A billionaire developer from Macau arrested in the U.S. on charges he brought $4.5 million into the country and lied about its purpose to authorities was ordered to be held without bail by a federal judge in New York.

Ng Lap Seng, 68, and an employee whom the government called his “right-hand man” were accused of falsely claiming they brought the money into the U.S. on trips from 2013 to 2015 to spend on art, antiques, real estate and gambling. Ng is charged with failing to disclose to customs agents that he was carrying more than $10,000 when he entered the U.S.

Ng has vast wealth that might allow him to easily evade authorities if he’s released on bail, Assistant U.S. Attorney Janis Echenberg told a judge Monday. He has a net worth of about $1.8 billion, holds at least $1 billion in Chinese real estate, earns about $25 million a month and has access to $30 million worth of private planes, she said.

Ng was arrested Sept. 19. Details about the government’s investigation of him emerged at a hearing that day for Jeff Yin, 29, who the government described as Ng’s assistant.

Yin talked to investigators and “admitted among other things that he was transmitting money on behalf of Mr. Ng to pay people to do unlawful things,” Assistant U.S. Attorney Daniel Richenthal said, according to a recording of the Sept. 19 hearing.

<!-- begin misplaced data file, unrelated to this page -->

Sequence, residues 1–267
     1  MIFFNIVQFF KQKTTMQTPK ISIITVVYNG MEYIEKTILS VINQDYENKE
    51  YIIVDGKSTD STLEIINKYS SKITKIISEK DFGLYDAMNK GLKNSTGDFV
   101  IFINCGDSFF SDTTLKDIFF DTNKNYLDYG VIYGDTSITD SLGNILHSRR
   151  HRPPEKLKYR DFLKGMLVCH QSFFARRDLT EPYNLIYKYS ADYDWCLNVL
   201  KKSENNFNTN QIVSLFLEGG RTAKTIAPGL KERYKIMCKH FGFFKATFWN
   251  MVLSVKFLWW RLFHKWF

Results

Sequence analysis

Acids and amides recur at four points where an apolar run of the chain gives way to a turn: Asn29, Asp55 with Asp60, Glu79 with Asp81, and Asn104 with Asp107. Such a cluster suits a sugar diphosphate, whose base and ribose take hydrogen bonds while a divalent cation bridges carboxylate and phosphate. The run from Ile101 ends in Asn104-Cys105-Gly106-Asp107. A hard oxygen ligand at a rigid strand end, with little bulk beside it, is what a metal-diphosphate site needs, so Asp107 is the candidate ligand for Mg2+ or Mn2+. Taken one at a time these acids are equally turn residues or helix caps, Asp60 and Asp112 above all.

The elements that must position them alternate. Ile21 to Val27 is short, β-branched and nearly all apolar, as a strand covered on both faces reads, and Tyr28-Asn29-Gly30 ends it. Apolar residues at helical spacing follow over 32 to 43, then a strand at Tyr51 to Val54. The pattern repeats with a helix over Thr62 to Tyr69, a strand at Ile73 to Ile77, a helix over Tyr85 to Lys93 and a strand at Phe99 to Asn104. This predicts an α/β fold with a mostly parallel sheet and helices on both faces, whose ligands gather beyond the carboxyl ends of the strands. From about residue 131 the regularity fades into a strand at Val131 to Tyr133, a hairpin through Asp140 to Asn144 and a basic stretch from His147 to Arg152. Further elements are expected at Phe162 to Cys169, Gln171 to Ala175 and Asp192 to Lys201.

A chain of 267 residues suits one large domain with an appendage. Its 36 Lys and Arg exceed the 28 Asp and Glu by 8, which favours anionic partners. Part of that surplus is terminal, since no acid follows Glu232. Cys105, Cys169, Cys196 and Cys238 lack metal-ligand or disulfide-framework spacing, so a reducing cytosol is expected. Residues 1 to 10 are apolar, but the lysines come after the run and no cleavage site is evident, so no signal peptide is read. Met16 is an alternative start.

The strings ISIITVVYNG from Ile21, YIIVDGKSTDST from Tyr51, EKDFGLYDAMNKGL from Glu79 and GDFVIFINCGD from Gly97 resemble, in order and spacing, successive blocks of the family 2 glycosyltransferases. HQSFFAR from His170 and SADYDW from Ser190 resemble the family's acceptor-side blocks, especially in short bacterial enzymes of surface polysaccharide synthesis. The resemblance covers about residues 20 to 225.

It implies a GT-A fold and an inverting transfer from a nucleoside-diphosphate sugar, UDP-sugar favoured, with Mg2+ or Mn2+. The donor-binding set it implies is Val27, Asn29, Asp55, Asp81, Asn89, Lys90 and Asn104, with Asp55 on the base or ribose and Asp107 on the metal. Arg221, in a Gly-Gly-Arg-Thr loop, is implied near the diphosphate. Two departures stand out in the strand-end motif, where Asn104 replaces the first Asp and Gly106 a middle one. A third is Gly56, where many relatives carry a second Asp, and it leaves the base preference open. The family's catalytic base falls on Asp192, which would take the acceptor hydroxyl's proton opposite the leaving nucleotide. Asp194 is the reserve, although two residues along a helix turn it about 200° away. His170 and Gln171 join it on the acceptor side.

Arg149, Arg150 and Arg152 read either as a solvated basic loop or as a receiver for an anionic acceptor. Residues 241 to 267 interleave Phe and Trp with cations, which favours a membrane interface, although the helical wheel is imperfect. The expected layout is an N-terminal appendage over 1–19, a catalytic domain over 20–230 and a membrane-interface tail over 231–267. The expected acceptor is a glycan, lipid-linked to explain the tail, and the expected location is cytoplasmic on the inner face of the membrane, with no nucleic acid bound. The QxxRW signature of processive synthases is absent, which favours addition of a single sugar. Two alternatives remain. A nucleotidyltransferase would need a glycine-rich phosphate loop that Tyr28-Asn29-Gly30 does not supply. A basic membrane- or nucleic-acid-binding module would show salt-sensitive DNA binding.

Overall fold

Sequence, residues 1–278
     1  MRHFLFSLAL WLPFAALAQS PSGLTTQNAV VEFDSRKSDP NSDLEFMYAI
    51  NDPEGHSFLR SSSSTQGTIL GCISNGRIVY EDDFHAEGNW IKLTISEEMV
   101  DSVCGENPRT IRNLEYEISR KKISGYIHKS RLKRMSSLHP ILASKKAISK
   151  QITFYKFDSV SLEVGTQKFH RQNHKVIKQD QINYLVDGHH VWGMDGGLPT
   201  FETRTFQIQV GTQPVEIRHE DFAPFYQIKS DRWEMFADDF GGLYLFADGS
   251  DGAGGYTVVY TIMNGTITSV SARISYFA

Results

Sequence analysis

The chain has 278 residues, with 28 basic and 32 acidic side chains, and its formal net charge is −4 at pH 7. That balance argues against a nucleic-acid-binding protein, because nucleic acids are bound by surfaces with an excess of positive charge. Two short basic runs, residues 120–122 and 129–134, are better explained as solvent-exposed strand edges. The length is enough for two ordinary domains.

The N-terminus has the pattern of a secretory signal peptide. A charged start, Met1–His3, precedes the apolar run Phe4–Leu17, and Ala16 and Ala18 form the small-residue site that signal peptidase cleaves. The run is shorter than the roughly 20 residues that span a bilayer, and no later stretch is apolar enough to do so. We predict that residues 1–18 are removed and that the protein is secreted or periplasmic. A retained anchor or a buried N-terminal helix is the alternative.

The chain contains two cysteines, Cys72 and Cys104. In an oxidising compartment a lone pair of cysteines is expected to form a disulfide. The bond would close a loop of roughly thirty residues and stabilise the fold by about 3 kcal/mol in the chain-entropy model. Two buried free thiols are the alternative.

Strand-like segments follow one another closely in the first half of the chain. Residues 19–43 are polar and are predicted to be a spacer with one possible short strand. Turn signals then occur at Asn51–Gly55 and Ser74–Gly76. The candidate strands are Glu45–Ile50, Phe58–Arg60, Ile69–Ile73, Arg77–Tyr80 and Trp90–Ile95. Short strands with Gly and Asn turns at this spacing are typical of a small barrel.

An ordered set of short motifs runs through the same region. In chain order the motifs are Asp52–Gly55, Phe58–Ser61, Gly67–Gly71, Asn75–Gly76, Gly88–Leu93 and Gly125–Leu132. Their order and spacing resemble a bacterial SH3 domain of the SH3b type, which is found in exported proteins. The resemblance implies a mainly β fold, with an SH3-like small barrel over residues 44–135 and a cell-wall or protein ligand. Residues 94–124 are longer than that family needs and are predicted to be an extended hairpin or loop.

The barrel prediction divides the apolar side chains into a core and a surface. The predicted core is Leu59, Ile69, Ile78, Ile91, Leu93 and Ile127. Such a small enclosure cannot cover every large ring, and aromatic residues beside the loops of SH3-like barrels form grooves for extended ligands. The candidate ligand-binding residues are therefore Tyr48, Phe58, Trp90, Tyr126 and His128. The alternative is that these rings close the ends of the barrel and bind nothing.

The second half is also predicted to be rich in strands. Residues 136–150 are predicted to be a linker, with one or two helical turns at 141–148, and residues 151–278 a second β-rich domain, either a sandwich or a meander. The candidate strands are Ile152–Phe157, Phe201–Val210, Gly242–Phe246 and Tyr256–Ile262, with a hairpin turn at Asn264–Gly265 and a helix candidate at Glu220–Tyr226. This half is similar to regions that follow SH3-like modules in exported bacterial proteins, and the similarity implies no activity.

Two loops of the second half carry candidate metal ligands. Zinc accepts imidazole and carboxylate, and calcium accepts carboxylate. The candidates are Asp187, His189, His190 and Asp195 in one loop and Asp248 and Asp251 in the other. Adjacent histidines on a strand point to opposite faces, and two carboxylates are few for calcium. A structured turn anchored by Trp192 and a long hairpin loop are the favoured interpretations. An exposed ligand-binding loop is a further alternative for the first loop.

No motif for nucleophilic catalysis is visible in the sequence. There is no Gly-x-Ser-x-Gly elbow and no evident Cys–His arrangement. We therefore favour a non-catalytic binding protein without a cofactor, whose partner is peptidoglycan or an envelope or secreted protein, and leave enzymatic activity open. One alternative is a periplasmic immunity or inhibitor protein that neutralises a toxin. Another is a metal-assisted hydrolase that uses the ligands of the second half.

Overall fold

Prosecutors also have evidence that Ng wired at least $19 million to U.S. bank accounts and individuals. Ng and Yin were en route to leave the U.S. from Teterboro Airport in New Jersey on a private plane when they were arrested, Richenthal said.

Ng avoided the U.S. in the past after he was linked to a separate investigation tied to the illegal wiring of money to U.S. political parties, Echenberg said. Once he learned that a congressional inquiry was under way, he stayed out of the U.S. for at least four years, according to the prosecutor. Ng also evaded a grand jury subpoena, Echenberg told U.S. Magistrate Judge Sarah Netburn at Monday’s bail hearing.

Defense lawyer Kevin Tung argued that Ng’s arrest stemmed from a misunderstanding “because he comes from a different culture.” Tung said Ng is an elected official in Macau, likening him to a senator or congressman.

“He’s rich, that’s not an element of being a criminal,” said Tung, who offered to put up Ng’s $3.8 million apartment on Manhattan’s Upper East Side as part of his bond. He also said his client doesn’t understand English and may not have understood the significance of a grand jury subpoena.

“There’s a cultural difference that people don’t know that when they come into this country carrying lots of cash, there may be problems,” Tung said.